First Drive: Hyundai Nexo Fuel Cell
Nexo carries on where the ix35 Fuel Cell left off, with more appeal and cutting edge technology, says Martyn Collins.
Hyundai took the lead in hydrogen technology, with the launch of the ix35 Fuel Cell back in 2015. Although interesting to drive, even with the only Fuel Cell technology available to buy at the time, the ix35 still felt a generation behind, with dated styling and left-hand drive only.
However, its replacement, the Nexo, revealed at the recent CES show in Las Vegas, won’t suffer these problems. Plus, improvements in Fuel Cell technology mean a new estimated driving range of 500 miles – 134 more than the old car.
We had a brief, very early drive at the company’s Mabuk Advanced Powertrain Research Institute, late last year, to bring you some driving impressions.
Outside, the Nexo is distinctive, almost looking like a mixture of the latest Kona from the front, with the last-generation ix35 from the back. From the front you won’t miss the driving lights, which stretch across the bonnet and the triangular headlights. At the side, there are clean flanks and a curvy roofline, with Range Rover and Tesla-style flush door handles that pop out when they sense a nearby hand. The back is more anonymous, with triangular LED lights that run across the boot and an aggressive-looking diffuser.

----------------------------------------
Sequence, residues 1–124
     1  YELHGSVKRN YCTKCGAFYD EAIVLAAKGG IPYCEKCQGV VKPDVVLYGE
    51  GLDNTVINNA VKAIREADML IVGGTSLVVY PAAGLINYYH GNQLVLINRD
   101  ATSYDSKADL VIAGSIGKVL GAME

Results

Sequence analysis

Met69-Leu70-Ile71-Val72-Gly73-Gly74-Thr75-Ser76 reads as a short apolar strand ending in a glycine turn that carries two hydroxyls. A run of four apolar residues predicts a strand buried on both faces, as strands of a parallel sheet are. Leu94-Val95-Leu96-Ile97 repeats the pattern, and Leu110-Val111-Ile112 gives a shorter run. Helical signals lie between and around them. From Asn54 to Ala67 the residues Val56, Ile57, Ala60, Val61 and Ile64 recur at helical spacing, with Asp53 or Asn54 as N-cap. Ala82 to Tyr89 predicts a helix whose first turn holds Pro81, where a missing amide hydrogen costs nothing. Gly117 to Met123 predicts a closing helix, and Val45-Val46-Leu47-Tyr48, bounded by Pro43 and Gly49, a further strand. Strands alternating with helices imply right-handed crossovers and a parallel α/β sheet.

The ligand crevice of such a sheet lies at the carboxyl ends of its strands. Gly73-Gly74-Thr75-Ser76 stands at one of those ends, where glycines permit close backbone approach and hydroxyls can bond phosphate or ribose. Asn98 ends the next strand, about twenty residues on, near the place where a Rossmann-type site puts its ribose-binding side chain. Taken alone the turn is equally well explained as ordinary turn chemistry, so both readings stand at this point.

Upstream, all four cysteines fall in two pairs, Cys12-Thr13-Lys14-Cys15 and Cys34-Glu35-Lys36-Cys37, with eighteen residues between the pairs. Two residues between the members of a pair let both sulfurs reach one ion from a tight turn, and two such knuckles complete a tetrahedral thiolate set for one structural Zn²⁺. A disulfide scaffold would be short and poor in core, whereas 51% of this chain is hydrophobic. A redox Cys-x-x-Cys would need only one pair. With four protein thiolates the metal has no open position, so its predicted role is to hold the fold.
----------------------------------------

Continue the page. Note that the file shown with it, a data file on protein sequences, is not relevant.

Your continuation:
Inside, the dashboard of the Nexo is made up of a pair of large displays, one for car information in front of the driver and the larger one for the infotainment system. Other interesting interior design features are the floating centre-console rising up to the screens and the two-spoke steering wheel. The interior trim design feels modern and even though it was a prototype, is fairly solid. Legroom is average front and back, but the Nexo has a practical, flat load area.
Drive on our Nexo prototype was engaged by a button and from the start, this Hyundai Fuel Cell SUV felt like a typical electric car, with impressive levels of torque available from the off — making the performance feel keen. Our late prototype also had reasonably precise steering, the ride felt well-damped and in corners, body roll was kept under control.
I’s a positive first drive of Hyundai’s latest Fuel Cell challenger and we look forward to a longer drive and seeing how it will deal with UK roads.
Type: Fuel Cell Electric Vehicle (FCEV)
Range: 500 miles (estimate)
CO2 emissions (tailpipe): 0g/km
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